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Participation costs for responders can reduce rejection rates in ultimatum bargaining

  • Wichardt, Philipp C.
  • Schunk, Daniel
  • Schmitz, Patrick W.

The data reported in this paper show that in an ultimatum mini-game rejection rates of low offers are significantly reduced if participation for responders is voluntary but costly. A possible explanation based on cognitive dissonance and loss aversion is offered.

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File URL: http://www.sciencedirect.com/science/article/B6V84-4VDY7WG-1/2/9a137c8397bbdc1852da6645f7cfe732
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Article provided by Elsevier in its journal Economics Letters.

Volume (Year): 103 (2009)
Issue (Month): 1 (April)
Pages: 33-35

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Handle: RePEc:eee:ecolet:v:103:y:2009:i:1:p:33-35
Contact details of provider: Web page: http://www.elsevier.com/locate/ecolet

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  9. Oxoby, Robert J. & McLeish, Kendra N., 2004. "Sequential decision and strategy vector methods in ultimatum bargaining: evidence on the strength of other-regarding behavior," Economics Letters, Elsevier, vol. 84(3), pages 399-405, September.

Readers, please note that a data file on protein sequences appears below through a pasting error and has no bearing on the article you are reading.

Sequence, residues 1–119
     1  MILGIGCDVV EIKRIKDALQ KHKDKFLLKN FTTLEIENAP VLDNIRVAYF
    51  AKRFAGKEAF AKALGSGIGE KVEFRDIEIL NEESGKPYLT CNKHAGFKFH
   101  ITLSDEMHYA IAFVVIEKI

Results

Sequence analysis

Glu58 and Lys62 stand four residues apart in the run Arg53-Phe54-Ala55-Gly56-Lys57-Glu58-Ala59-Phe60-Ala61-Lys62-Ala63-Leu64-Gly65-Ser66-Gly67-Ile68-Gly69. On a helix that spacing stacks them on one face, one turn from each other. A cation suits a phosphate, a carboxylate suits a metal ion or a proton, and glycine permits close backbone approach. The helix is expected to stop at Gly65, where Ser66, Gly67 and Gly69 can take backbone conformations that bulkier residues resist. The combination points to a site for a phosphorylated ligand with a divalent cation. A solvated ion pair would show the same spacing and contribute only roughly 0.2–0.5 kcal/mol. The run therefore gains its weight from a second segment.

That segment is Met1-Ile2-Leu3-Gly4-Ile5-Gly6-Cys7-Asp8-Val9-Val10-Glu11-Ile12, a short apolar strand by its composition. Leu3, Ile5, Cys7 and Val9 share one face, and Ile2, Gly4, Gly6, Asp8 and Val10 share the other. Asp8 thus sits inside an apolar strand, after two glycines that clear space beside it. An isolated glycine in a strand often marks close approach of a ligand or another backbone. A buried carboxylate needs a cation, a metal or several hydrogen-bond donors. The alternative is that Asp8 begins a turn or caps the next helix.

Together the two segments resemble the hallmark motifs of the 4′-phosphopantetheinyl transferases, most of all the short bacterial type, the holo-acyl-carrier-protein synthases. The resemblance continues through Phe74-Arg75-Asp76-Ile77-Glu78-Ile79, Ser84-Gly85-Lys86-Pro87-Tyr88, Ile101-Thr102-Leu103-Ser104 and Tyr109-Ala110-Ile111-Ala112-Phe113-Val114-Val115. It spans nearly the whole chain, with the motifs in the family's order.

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  13. Brandts, Jordi & Sola, Carles, 2001. "Reference Points and Negative Reciprocity in Simple Sequential Games," Games and Economic Behavior, Elsevier, vol. 36(2), pages 138-157, August.
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  17. Akerlof, George A & Dickens, William T, 1982. "The Economic Consequences of Cognitive Dissonance," American Economic Review, American Economic Association, vol. 72(3), pages 307-19, June.
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